By now there is only standing room at the back of the shed. The Sunday night showcase is our final ritual in this folk marriage party. For good measure, we have had many something olds, something news, something borroweds, and something blues. Small children crowd the open area before the stage while packs of teenagers crowd its fringes. Generations of music lovers, long time festival goers and first timers create a sea of seated and expectant witnesses. First, the Folkin' Youth Orchestra and Martin Blackman. Award winners strew creativity and talent as flowers in their wake. In chronological keeping, Ari Leason gives the readings with a diverse set of originals and songs that inspire her. Respective sets from Mishra and Good Habits hint at the coming gospel which manifests as a folkified 80's cover set featuring the festival's international cohort - Mishra, Good Habits, Dan Walsh - plus Pascal Roggen from Albi & the Wolves in transcendent collaboration. I now pronounce you folk and festival.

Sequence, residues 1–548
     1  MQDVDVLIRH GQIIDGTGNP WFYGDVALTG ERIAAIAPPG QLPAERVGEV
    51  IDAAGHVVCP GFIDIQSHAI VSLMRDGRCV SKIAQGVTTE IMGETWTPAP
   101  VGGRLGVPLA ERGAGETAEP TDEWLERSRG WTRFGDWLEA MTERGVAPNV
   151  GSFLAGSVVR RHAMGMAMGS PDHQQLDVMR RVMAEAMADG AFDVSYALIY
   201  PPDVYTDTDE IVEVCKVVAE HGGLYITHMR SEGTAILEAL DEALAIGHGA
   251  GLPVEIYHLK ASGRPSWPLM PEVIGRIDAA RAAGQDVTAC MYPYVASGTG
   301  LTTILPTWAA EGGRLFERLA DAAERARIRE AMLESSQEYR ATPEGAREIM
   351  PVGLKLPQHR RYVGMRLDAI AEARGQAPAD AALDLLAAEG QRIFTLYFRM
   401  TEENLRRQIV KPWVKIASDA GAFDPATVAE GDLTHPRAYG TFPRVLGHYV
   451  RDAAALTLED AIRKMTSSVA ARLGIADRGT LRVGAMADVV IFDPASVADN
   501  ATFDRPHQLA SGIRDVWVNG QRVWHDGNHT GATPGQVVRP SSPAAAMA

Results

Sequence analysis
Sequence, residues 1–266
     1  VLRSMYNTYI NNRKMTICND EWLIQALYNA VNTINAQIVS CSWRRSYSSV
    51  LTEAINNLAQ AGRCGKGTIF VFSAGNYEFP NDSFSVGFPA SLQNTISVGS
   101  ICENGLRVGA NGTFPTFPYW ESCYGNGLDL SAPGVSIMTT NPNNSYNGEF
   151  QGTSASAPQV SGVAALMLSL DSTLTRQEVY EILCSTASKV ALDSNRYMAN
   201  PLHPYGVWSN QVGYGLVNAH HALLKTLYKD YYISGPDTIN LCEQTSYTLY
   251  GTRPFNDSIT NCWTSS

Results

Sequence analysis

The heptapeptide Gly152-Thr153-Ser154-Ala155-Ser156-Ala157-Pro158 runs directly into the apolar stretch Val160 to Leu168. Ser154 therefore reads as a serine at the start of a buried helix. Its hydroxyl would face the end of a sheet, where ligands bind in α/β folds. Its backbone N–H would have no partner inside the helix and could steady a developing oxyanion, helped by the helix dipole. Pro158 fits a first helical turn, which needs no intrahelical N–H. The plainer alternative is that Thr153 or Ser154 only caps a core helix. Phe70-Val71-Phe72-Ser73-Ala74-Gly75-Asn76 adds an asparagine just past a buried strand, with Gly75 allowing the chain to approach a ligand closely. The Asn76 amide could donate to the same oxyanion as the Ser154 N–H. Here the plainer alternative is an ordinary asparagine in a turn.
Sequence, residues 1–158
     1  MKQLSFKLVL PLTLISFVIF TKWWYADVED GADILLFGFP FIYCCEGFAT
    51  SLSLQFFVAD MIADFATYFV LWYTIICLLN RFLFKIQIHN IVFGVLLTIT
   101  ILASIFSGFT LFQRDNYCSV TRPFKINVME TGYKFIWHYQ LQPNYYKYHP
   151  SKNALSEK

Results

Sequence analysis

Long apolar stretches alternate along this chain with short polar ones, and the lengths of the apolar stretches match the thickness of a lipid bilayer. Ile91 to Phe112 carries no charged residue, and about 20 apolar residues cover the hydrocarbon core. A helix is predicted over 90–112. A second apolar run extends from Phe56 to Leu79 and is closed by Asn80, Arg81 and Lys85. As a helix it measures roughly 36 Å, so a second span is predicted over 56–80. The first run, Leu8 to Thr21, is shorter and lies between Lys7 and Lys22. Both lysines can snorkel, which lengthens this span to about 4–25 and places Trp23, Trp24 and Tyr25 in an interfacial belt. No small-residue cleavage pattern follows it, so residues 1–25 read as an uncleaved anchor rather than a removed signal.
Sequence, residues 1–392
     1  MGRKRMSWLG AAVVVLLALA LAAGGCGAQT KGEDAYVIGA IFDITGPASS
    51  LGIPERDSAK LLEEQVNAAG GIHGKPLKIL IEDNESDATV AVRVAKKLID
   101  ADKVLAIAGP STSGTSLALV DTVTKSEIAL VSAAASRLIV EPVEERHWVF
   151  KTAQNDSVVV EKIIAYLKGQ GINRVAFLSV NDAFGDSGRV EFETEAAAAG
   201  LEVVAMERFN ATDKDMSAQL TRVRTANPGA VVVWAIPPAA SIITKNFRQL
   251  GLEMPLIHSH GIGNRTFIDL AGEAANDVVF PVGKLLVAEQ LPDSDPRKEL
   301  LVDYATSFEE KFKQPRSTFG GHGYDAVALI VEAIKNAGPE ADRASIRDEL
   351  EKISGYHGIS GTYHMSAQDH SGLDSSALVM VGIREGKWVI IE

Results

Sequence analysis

...A good reception needs a good band. With hand clapping, foot stomping, voice soaring, festival veteran assuredness, Albi & the Wolves held the energy of the night at its height right through their inevitable encore. The crowd of people, spent or still buzzing, dispersed in the darkness to their respective beds, dances, or final jam sessions. As the music lingered late into the night, no one wanted it to end. 

Images © Steve Bone

Saturday Photos
Sunday Photos

Please do not crop or use any of these photos for other purposes without written permission by the photographer.